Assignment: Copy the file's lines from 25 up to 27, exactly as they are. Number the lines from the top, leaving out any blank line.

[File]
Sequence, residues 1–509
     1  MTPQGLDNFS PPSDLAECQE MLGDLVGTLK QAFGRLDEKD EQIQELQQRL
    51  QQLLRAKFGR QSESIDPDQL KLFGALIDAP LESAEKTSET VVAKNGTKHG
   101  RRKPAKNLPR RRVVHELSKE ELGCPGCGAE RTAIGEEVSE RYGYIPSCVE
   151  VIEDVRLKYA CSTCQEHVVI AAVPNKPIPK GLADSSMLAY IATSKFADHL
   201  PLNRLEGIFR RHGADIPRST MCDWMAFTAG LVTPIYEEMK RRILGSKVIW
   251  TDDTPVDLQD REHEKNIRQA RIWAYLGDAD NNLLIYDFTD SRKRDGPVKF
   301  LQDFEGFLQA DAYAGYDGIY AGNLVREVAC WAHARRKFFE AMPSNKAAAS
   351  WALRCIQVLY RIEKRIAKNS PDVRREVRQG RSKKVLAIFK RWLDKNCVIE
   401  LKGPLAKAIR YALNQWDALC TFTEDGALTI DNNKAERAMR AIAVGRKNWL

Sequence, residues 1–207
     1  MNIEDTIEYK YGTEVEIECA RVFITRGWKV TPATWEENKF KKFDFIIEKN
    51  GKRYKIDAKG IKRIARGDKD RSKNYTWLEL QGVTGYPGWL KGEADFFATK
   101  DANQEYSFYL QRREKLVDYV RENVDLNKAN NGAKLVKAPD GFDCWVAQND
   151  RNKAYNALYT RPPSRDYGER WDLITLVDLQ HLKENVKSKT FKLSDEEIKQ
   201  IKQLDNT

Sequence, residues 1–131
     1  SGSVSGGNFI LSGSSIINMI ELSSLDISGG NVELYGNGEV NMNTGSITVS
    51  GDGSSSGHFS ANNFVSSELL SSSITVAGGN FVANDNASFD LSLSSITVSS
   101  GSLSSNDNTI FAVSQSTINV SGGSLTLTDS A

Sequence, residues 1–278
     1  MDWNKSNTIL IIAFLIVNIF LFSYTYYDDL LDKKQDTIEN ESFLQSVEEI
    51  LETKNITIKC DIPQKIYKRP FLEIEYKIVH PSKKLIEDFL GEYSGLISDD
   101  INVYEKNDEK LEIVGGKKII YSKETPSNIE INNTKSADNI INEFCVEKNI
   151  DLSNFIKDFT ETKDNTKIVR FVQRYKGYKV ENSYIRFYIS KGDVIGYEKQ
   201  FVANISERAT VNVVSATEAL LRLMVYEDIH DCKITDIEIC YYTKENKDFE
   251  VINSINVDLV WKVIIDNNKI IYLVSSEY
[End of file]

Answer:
   151  DLSNFIKDFT ETKDNTKIVR FVQRYKGYKV ENSYIRFYIS KGDVIGYEKQ
   201  FVANISERAT VNVVSATEAL LRLMVYEDIH DCKITDIEIC YYTKENKDFE
   251  VINSINVDLV WKVIIDNNKI IYLVSSEY